Bluegrass: a spreadable music
Ted Lehmann, a retired English professor and bluegrass enthusiast, explores how our spreadable media culture benefits bluegrass music. You can read more of Ted’s writing on his blog.
We live in a rapidly changing media environment that has nothing but good in it for bluegrass music, in all its forms, while at the same time standing as a harbinger for change that many of us will find difficult to integrate into our way of consuming media. As the CD seems to be dying as a means of disseminating music, after a run of more than a generation at a price that has never been sustainable, and bluegrass festivals, while highly enjoyable for those who attend for various reasons, are not expensive enough to pay performers anything approaching a living wage, we see change in delivery and presentation in every direction. In Spreadable Media, a new book to be published next month, and on an interactive web site of the same name, Henry Jackson, Sam Ford, and Joshua Green lay out a picture of this new media world, based on the Internet and YouTube, that has huge importance for both creators, producers, and consumers of bluegrass music. While the book is written by and for “media professionals,” its importance for bluegrass is so large that it deserves wide and thoughtful consideration in our community.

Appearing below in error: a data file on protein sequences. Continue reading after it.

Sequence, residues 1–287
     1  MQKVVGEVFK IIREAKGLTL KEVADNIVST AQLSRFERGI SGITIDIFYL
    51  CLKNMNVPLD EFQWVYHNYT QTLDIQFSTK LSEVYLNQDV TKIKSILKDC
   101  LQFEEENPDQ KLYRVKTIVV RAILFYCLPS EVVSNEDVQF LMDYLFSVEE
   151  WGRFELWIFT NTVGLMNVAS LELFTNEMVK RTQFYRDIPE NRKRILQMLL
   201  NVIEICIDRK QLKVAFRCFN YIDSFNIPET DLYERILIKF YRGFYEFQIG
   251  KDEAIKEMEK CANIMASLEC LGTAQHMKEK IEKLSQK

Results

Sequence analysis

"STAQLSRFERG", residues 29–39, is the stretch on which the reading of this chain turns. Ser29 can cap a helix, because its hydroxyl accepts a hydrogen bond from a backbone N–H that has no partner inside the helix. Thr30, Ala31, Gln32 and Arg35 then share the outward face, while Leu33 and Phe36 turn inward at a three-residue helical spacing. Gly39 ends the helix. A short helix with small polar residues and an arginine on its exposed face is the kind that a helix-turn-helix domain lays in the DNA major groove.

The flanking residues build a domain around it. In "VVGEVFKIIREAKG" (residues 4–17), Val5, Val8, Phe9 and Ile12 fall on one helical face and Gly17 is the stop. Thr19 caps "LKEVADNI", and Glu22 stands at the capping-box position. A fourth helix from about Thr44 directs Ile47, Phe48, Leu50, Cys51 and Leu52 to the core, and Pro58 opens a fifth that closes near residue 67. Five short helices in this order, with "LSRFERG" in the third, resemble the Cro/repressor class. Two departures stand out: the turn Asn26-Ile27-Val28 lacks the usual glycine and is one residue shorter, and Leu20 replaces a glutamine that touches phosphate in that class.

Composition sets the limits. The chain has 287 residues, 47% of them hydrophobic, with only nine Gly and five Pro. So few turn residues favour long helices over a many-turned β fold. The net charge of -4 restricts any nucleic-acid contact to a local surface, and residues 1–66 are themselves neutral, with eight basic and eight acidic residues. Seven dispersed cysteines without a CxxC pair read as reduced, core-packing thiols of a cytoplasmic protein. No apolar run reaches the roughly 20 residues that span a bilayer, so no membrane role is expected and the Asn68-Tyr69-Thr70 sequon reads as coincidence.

Bluegrass Music is a form of music which has been maintained, treasured, and spread by its fans. The music is unusual in that a large proportion of those who love the music also play it regularly and, and some level, for pay. The lines between full scale professional, talented semi-professional, able amatuer, and fan are undefined at best and unclear in many cases. People gather to play, sing, and listen to bluegrass wherever it is played: at festivals, in local bluegrass associations, at pickin’ parties, before concerts, at conventions, and in many other formal and informal settings. In effect, this range of places where bluegrass is played and enjoyed serves to keep the songs of the Bill Monroe, Flatt & Scruggs, the Stanley Brothers and other early practitioners of bluegrass alive and in the standard repertory. It also places the stamp of approval on new songs and performances as they migrate from the stage and the recording studio to the jam circle at varying levels of accomplishment. The arrival of a fairly recent songs first performed by The Lonesome River Band, IIIrd Tyme Out, Balsam Range, or the Gibson Brothers, by their mere inclusion in regular jams, identifies the song as now a part of the classic repertoire. This movement is facilitated by the existence of YouTube, where thousands of performances by the first generation greats are available either in studio recordings, television kinescopes, or amateur videos, made available for study and slavish copying by devoted adherents. These can also be adapted and changed to meet contemporary standards, alter the original, or add new wrinkles to it. Thus YouTube serves to both uphold tradition and encourage innovation. How The Infamous Stringdusters interpret Jimmy Martin upholds the Stringdusters’ reputation as a bluegrass band and alters our understanding of the relevance of The King of Bluegrass.